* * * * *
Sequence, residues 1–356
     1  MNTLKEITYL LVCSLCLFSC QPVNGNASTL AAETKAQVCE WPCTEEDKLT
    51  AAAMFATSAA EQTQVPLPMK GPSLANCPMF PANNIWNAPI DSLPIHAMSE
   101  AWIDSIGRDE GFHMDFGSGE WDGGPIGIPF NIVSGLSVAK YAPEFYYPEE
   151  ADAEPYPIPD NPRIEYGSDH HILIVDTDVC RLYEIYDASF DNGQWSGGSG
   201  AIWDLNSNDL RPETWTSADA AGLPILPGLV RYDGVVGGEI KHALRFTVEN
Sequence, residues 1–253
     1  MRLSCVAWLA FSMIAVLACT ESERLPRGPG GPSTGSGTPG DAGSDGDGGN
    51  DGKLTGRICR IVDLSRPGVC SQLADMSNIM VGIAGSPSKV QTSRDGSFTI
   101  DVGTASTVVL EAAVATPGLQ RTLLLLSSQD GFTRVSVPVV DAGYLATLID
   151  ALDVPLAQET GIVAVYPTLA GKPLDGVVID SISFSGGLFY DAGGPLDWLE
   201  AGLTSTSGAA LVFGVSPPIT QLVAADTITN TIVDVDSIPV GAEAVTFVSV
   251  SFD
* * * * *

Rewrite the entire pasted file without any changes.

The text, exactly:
Sequence, residues 1–356
     1  MNTLKEITYL LVCSLCLFSC QPVNGNASTL AAETKAQVCE WPCTEEDKLT
    51  AAAMFATSAA EQTQVPLPMK GPSLANCPMF PANNIWNAPI DSLPIHAMSE
   101  AWIDSIGRDE GFHMDFGSGE WDGGPIGIPF NIVSGLSVAK YAPEFYYPEE
   151  ADAEPYPIPD NPRIEYGSDH HILIVDTDVC RLYEIYDASF DNGQWSGGSG
   201  AIWDLNSNDL RPETWTSADA AGLPILPGLV RYDGVVGGEI KHALRFTVEN
Sequence, residues 1–253
     1  MRLSCVAWLA FSMIAVLACT ESERLPRGPG GPSTGSGTPG DAGSDGDGGN
    51  DGKLTGRICR IVDLSRPGVC SQLADMSNIM VGIAGSPSKV QTSRDGSFTI
   101  DVGTASTVVL EAAVATPGLQ RTLLLLSSQD GFTRVSVPVV DAGYLATLID
   151  ALDVPLAQET GIVAVYPTLA GKPLDGVVID SISFSGGLFY DAGGPLDWLE
   201  AGLTSTSGAA LVFGVSPPIT QLVAADTITN TIVDVDSIPV GAEAVTFVSV
   251  SFD